Glimpses Of Our Ancestors In Sussex - online book

With Sketches Of Sussex Characters, Remarkable Incidents &c

Home | Order | Support | About | Contact | Search



Share page  



Previous Contents Next


The Sussex Smugglers.                    73
supervisors and blockade men. " Hon. Members," he went on to say, " were well aware that Bandana handkerchiefs were prohibited by law, and yet," he continued, at the same time drawing forth a Bandana from his pocket amidst the roars of the House, " I have no doubt there is hardly a gentleman in the House who has not got a Bandana handkerchief."
So, from 1671 to 1787, all the severity of the law could not prevent the exportation of British wool. Calais was often full of it—40,000 packs at a time. A law was passed that no person living within 15 miles of the sea in Sussex or Kent should buy wool without entering into sureties not to sell it to any people within 15 miles of the sea. It was of no avail. In 1698. the Supervisor of Sussex and Kent (Mr. Henry Baker) wrote to the authorities to say that in a few weeks 160,000 sheep would be shorn in Romney Marsh, and that the greater part of their fleeces would be " sent off hot into France." Warrants were sent down to arrest the wool smugglers at Romney, and some wool was seized on the horses' backs; but the smugglers assembled—50 armed horsemen—attacked the supervisor, rescued his prisoners, and pursued him and his officers till they were glad to make their escape to Guildford. More officers were appointed, but with little or no effect. " Large gangs of twenty, forty, fifty, and even one hundred, rode, armed with guns, bludgeons, and clubs, throughout the country, setting everyone at defiance, and awing all the quiet inhabitants. They established warehouses and vaults in many districts, for the reception of their goods, and built large houses at Seacock's Heath in Etchingham (built by the well-known smuggler, Arthur Gray, and called 'Gray's Folly'), at Pix Hall and the Four Throws, Hawkhurst, at Goudhurst, and elsewhere, with the profits of their trade."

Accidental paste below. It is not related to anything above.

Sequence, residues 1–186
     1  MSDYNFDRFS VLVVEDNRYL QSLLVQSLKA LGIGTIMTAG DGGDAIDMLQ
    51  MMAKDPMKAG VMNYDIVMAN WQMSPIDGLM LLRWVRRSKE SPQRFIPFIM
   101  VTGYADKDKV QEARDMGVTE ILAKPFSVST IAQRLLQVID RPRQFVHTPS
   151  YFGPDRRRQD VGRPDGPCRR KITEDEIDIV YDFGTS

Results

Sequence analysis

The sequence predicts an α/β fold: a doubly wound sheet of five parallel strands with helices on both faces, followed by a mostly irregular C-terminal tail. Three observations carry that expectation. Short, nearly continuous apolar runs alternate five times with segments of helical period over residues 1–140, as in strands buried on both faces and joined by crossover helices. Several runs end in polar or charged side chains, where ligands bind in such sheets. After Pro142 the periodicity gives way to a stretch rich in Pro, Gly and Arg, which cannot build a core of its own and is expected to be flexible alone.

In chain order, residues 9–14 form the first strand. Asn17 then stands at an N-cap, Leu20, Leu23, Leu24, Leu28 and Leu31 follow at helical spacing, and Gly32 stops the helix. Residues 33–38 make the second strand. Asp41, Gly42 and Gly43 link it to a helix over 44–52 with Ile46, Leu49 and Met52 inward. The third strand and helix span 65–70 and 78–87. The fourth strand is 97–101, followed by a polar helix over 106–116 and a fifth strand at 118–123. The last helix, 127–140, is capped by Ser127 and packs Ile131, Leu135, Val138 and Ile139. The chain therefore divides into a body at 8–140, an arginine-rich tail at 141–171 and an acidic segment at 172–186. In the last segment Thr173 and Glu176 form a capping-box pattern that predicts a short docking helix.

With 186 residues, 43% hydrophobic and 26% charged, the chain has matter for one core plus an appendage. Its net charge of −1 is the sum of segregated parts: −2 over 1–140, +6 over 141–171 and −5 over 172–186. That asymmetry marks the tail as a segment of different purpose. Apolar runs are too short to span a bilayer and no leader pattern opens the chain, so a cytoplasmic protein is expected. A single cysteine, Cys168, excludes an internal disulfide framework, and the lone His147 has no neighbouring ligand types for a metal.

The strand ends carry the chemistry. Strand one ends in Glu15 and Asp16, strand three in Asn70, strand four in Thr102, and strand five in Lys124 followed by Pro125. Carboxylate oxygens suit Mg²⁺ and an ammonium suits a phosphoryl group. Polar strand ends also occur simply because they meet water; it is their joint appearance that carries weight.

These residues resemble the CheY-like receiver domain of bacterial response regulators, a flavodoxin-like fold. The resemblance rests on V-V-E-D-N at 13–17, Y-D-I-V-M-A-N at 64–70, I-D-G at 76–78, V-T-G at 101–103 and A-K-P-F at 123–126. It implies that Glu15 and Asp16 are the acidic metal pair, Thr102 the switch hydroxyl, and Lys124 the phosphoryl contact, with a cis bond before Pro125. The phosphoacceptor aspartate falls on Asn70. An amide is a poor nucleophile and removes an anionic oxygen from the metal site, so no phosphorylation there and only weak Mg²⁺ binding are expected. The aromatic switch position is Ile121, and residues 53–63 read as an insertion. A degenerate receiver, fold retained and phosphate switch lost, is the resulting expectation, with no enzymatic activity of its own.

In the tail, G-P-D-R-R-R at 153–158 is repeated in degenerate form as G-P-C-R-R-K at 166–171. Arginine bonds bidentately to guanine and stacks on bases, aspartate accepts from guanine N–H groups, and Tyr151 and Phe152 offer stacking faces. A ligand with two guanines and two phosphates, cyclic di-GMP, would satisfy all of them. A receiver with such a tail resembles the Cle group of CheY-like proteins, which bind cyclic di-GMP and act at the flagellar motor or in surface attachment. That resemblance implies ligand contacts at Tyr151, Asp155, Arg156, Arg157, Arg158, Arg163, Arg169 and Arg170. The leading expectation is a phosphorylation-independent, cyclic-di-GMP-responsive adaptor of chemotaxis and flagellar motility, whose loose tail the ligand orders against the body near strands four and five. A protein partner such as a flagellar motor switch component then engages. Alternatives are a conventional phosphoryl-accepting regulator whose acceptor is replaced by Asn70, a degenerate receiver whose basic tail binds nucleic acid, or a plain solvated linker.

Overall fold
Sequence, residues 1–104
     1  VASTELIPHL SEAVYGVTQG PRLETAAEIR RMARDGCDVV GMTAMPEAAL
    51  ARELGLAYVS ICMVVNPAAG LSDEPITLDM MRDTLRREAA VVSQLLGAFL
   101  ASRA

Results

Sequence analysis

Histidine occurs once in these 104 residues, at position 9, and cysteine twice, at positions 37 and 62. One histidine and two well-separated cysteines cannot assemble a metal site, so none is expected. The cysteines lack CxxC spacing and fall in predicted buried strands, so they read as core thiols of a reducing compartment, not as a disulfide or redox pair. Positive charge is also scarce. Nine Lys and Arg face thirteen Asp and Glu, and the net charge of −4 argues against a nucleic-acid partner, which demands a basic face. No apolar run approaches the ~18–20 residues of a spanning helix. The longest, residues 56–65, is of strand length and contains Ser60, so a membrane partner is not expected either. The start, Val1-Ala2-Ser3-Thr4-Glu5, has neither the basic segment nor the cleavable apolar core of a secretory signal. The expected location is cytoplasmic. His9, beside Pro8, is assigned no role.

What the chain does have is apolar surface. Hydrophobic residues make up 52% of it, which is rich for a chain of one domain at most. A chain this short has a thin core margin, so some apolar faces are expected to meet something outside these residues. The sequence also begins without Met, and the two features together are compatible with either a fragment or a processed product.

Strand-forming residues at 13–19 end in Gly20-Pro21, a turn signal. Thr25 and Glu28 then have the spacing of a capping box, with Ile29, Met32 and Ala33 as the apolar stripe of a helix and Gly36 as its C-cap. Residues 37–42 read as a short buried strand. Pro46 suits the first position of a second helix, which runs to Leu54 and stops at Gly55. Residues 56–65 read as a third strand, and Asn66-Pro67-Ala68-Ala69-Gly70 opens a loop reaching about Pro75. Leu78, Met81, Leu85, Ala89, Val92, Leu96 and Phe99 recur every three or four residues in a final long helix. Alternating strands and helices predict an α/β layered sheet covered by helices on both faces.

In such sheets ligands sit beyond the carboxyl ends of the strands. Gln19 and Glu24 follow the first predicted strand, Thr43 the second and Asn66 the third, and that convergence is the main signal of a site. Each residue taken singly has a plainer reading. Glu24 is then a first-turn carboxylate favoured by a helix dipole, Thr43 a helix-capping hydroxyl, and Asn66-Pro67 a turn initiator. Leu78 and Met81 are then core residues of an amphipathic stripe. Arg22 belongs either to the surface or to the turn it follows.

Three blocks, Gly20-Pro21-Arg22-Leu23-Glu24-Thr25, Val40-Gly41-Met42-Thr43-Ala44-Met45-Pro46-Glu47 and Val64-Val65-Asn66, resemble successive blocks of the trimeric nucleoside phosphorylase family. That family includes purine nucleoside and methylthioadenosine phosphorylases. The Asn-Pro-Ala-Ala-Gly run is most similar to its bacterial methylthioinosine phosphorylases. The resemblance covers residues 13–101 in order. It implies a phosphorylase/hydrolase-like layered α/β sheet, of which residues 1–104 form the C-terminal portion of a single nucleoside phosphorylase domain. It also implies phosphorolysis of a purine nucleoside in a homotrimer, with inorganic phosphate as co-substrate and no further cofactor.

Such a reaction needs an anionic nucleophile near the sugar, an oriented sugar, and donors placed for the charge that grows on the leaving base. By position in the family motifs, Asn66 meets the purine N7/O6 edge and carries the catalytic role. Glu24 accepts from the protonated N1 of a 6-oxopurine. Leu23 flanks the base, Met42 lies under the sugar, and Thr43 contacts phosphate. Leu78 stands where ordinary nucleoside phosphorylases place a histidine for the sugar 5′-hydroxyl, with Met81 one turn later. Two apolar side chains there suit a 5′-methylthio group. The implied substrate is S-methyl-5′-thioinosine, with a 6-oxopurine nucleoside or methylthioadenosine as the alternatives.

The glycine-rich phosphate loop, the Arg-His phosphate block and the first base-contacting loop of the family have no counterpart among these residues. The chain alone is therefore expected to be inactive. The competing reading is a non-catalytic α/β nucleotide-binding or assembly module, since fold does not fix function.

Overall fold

"The illicit exportation of wool," says Mr. W. D. Cooper, in his paper on "Smugglers in Sussex," "was never stopped ;" and when a new kind of "fair trade" commenced, and it
Previous Contents Next